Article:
Earlier this year, Brooks Simpson linked to an interesting paper by Rafuse that I intend to write about here. I have also sketched notes for a long post collecting what we know about McClellan's supervision of Lincoln before the war -- relying much on Ethan's research and the work of another, more obscure author.

So, one can still be in the blogosphere without having to be of the blogophere.

Hood on Hood

Sam Hood weighs in at Kevin Levin's blog on the subject of my book review of a few days ago.

p.s. I have a medium length post in preparation illustrating the sins of Wiley Sword ennumerated by author Hood.

Comic book heroes

I thought this painting by Ann Null was over-the-top.
But then I looked at the source/inspiration. Super Stonewall comes to you courtesy of Manassas National Battlefield Park.


Guelzo's immense power to disappoint

Anytime you think Allen Guelzo cannot disappoint more (and more and more), he's back with another surprise. Mitch Hagmaier writes from Pennsylvania,
I noticed this book in the "books others bought" list on the page with your review of that Hood book. The more historically-minded inhabitants of Chambersburg would be astonished to be so informed that the 1863 Gettysburg campaign was "the last invasion", presumably by a Confederate army of a northern state.

(And now that I google a bit, I see I'm not the first one to make that joke... sigh.)

And it looks like Guelzo was fool enough to respond that the two Early incursions were exempt because they were "raids" and not an invasion. As if Lee's 1863 campaign was anything other than a raid of monumental proportions. I suppose it's more respectable to kidnap people and seize vast amounts of goods under color of foraging than to straight-up ransom towns against the threat of arson.
I myself also notice on Amazon one reviewer complained that
Allen C. Guelzo accepts the Sickles, Butterfield account as gospel. This book is an account of the Gettysburg Campaign that the anti-Meade faction would love. Every discredited story from Mine Run to the Staff Meeting is here. The idea that Meade was dragged kicking and screaming into battle is the heart of the book.
Treating controversy as settled history is "fresh," "exciting," "new" (taken from Amazon quotes).

Harry Smeltzer recently interviewed Guelzo who appears to have taken a strong dislike to Meade based on the man's correspondence and politics. However, the intriguing part of the interview has Guelzo complementing himself for adding what could be an interesting twist:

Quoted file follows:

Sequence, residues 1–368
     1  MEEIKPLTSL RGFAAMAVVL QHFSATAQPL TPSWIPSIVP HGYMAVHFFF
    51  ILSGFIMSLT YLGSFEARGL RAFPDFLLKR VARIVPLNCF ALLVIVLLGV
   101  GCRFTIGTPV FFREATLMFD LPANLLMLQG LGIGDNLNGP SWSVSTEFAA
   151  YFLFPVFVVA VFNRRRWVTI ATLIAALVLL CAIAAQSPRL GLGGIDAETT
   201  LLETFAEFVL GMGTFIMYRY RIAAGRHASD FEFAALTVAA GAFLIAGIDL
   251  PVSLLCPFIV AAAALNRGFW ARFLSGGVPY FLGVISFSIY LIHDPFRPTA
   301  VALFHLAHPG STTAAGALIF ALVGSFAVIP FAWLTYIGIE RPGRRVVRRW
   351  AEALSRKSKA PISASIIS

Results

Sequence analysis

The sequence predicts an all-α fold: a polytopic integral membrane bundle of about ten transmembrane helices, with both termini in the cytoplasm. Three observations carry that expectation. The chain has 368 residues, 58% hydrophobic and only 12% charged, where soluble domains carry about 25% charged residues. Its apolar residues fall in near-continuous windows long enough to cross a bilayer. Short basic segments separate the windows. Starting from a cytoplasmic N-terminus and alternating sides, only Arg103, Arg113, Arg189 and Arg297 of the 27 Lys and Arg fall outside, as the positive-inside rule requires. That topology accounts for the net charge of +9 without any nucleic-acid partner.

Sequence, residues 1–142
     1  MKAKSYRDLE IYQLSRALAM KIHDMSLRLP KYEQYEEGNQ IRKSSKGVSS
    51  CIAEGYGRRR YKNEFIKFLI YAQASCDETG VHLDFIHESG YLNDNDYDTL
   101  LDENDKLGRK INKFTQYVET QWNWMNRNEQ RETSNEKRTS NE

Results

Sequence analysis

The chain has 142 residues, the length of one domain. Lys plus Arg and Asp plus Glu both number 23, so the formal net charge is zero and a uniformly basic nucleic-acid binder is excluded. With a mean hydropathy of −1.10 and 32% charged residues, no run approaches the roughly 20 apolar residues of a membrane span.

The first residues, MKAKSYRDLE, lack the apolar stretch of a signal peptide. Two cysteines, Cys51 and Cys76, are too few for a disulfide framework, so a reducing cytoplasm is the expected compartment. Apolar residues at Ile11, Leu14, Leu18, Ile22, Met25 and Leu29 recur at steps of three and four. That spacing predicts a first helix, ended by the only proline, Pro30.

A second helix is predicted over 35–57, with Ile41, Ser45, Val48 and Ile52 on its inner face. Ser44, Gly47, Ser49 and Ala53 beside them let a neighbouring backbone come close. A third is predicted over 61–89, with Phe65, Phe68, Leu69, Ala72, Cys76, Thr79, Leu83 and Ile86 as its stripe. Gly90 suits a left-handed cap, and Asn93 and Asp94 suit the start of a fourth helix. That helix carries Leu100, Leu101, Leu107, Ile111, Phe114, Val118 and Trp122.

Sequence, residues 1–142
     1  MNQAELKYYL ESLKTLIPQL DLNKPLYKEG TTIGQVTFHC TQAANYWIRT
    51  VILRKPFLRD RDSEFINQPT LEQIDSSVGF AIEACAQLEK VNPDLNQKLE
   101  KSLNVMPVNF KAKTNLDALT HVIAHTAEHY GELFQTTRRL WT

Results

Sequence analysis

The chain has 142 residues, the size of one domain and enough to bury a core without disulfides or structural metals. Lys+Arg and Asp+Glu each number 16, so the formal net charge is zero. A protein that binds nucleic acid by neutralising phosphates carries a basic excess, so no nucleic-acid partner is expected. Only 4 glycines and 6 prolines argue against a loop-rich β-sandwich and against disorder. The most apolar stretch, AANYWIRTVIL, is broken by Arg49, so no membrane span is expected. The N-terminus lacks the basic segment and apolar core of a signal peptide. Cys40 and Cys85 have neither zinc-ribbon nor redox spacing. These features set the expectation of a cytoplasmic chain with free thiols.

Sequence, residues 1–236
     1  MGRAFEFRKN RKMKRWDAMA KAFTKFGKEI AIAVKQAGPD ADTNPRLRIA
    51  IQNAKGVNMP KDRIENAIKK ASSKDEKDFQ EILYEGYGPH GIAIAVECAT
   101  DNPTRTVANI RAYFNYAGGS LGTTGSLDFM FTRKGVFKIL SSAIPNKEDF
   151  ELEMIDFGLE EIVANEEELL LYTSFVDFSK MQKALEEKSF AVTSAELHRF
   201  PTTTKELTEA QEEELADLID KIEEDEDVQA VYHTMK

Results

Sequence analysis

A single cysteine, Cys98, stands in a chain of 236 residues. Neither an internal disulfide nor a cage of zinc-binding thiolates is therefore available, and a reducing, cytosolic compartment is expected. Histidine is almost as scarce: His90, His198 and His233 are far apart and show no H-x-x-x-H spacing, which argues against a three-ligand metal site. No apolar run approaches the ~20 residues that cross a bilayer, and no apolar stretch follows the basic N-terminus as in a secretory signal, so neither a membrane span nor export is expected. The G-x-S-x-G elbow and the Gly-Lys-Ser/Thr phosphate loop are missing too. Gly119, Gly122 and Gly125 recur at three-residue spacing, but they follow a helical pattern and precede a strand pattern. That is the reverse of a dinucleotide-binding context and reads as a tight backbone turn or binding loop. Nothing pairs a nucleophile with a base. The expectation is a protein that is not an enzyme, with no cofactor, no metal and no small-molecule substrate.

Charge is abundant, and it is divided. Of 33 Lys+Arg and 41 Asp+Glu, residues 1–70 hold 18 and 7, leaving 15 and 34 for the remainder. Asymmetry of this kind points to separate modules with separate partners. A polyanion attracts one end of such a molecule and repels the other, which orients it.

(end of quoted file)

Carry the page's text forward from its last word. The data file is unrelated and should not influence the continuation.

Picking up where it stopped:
I think Gettysburg (and the Civil War in general) could benefit hugely from being understood in a larger international context, especially when it comes to military thinking and tactical doctrine (which is, after all, a species of intellectual history). The Civil War did not occur in a vacuum; the experiences of the Crimean War (1854-56), the Sepoy Mutiny (1857-58), the North Italian War (1859) all offer important illumination for why Civil War generals thought as they did. That’s why Gettysburg: The Last Invasion is constantly invoking comparisons to the Alma, Solferino, and Koniggratz. In that sense, I’m trying to claw away from the blinkered view imposed on the Civil War by American exceptionalism.
One of the charming stories about McClellan's railroad period is that he had maps of the Franco-Austrian Italian war spread out all over his office and well marked. His marks were based on the newspaper stories that may have been followed by any number of other officers and ex-officers. To make the connection between those newspaper stories and the military punditry flowing therefrom would make for ... uh... scholarship. But I see from a review of this book, that is not what is going on here. In John Derbyshire's book report, he notes, for instance, that Lee (according to Guelzo) had good reason for Pickett's charge:
The assault failed, as military actions often will, but Guelzo denies it was the egregious folly it has sometimes been portrayed. He raises encouraging precedents surely known to Lee: Lord Raglan’s successful assault on even more formidable Russian lines in the Crimea, for instance, during which:

...the Russians were not only driven back, but driven away in “such a confusion as no person ever saw.” The same tactics had won the day for the French at Magenta and Solferino in 1859…. If Lee needed a rationale for the attack on July 3rd, he did not have far to look for it, [Confederate corps commander James] Longstreet’s objections notwithstanding.
Wouldn't Lee's personal experiences outweigh the recollection of some distant newspaper reports? He wouldn't even have to go back to his Mexican War time for frontal assault memories. Anyway, wouldn't we want to see references to foreign triumphs in his correspondence if there's a connection? Isn't this attribution by implication an astonishingly fatuous and lazy use of contemporary history?

Meanwhile, the many blurbs and reviews on Amazon fail to impress. I want to see the Gettysburg buffs weigh in. Guelzo has done very well to reap so many reviews in a downtrend for ACW reviews but look at the quality:
As for Gettysburg I have (sadly) only four books on my shelf, Stephen W. Sears excellent study and Harry W. Pfanz’s trilogy; and on top of that, I have never read any of the four from cover to cover. I skim and pick and choose based on my interest or research specific needs.

So with this in mind I cracked open Guelzo’s book and prepared myself for a good hour or so of reading before I tossed it onto my stack of stuff and maybe got to a review a month or so from now… but then it happened! I encountered a master storyteller who captured my imagination.
Good grief. The wise author would ditch this audience.

This posting is not a review of the book but a reaction to its public effects. If I have to eat crow, let me know.

Goodwin speaks about/at/to Gettysburg

... on the topic of this and that. Tony Lee is outraged at the orgy of self praise and prattle. I feel sorry for the saps who paid her monumental speaker's fee (click on fee code next to "6").

We noted some years ago that in terms of fee structure, DKG is now classed with "motivational speakers." At Gettysburg, you wonder whom she was motivating.